Jim JKla wrote:This whole payment thing appears to be built on the notion that paid people get better results than amateurs a lot of this is built from the evidence of professional sports people.

While it is true that the top people in any field get rewarded the very best do not come cheap, and the lower echelons tend to be scraping a living at a level comparable with the top range amateurs.
Very fair points, and I appreciate that tempting the right personnel away from regular jobs (of any pay scale) is hard, but temporary contracts are (unfortunately) increasingly common these days. However, the main point of employing people is that it gives you a definite budget of man-hours which allows the prioritisation and assigning of tasks. It also allows the luxury of issuing instructions (rather than wishlists) and planning ahead, instead of just hoping. Unless your project has zero budget and an open ended completion timescale there will always be pragmatic decisions to be made (and expenses to be handed over!)

Anyway (speculation alert!), it's more than possible that the Foundation already have boffins and whatnot on board - remember that it's a cheap computer to facilitate IT education in schools and educational materials don't write themselves. I would imagine tthat this sort of thing is the Foundation's priority right now and that there are pressing matters of time. [/speculation mode]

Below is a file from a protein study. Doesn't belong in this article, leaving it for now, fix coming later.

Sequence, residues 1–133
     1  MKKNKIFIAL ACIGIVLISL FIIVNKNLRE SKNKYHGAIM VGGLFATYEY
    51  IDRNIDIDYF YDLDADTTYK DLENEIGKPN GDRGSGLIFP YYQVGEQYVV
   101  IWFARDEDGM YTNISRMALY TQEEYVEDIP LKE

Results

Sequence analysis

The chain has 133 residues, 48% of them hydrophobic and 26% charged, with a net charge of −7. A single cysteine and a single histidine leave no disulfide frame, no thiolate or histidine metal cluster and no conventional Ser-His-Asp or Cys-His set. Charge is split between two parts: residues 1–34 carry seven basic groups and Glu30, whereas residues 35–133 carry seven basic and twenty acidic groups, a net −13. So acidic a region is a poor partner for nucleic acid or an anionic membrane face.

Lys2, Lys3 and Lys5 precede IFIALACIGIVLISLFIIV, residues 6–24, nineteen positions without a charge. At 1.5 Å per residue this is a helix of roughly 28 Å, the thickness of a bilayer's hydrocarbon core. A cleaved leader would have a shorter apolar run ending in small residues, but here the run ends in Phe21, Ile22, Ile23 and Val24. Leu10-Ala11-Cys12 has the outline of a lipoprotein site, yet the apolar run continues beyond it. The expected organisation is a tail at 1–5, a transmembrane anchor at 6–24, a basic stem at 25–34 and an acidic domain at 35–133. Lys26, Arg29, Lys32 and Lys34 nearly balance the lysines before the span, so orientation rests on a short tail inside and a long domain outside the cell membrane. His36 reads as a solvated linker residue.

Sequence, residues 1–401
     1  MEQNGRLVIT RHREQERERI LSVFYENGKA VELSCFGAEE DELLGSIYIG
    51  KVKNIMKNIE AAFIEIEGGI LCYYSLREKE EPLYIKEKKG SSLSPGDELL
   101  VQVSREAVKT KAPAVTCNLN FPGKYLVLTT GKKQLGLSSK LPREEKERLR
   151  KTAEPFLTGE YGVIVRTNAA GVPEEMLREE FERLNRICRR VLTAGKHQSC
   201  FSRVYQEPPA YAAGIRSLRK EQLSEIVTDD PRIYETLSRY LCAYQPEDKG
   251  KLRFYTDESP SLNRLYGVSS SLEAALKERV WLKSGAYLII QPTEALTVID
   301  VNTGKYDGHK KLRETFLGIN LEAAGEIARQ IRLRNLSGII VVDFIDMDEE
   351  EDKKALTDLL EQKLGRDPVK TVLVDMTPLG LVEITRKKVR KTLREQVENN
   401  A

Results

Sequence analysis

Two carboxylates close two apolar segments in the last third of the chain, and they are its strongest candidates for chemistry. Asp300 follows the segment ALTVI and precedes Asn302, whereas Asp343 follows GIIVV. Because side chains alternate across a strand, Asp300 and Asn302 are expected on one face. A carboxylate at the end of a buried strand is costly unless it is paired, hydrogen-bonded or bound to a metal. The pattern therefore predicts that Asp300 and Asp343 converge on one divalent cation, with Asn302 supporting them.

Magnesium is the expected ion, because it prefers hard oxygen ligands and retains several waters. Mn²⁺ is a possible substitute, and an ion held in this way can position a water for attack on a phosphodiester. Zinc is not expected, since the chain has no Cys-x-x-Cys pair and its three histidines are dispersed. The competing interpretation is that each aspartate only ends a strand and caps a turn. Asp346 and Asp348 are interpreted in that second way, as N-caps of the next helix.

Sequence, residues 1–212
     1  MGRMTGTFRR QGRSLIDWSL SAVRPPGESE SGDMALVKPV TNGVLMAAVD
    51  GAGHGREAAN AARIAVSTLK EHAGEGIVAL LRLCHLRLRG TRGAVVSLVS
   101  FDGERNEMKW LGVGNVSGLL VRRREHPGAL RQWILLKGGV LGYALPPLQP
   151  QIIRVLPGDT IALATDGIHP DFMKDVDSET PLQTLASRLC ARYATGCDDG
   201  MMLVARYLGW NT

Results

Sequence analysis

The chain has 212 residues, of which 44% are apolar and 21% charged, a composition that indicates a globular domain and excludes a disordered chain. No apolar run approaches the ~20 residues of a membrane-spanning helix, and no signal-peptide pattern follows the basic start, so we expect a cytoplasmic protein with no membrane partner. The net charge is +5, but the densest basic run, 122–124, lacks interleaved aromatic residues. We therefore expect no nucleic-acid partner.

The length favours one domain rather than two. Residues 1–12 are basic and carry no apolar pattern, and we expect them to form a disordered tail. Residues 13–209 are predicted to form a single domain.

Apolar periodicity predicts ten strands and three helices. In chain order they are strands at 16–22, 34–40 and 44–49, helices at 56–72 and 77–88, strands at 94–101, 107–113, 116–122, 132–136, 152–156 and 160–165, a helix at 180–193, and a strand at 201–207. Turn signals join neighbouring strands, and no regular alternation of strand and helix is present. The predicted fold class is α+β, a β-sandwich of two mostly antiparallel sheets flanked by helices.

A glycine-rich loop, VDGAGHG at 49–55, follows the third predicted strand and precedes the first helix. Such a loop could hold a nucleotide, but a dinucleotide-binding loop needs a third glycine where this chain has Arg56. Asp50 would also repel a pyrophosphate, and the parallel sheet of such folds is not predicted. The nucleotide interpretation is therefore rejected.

I'm not saying that you need an army of paid nine to fivers (and I'm speaking generally here, rather than being Pi-specific), but you do need experts - evangelists to recruit / inspire / instruct, problem solvers, people who intinctively know what the customer wants and how to achieve it. Projects also need to have visible momentum, or all but the most altruistic will pass. Consider the ReactOS project: a very attractive solution in theory, but it's visibly stagnant. There's only a tiny pool of programmers working in whatever spare time they have and the fundraising effort is reaping very little, presumably because very few people are going to toss money at something that they feel will never reach fruition. It's a very vicious circle.

I'd venture to say that the Linux world probably has no shortage of coders, but what it really needs are people who can turn it into a universally viable product - both to end users (let's call them customers) and also to the majority of hardware and software vendors who still don't consider providing Linux support to be worthwhile. It's that Vicious Circle thing again - gaining momentum and getting past the tipping point. Otherwise "The Little Operating System That Could" will remain forever niche, tagged somewhere between curiosity and frustration by all but it's ardent fans.

Sorry, I'm waffling again! :lol: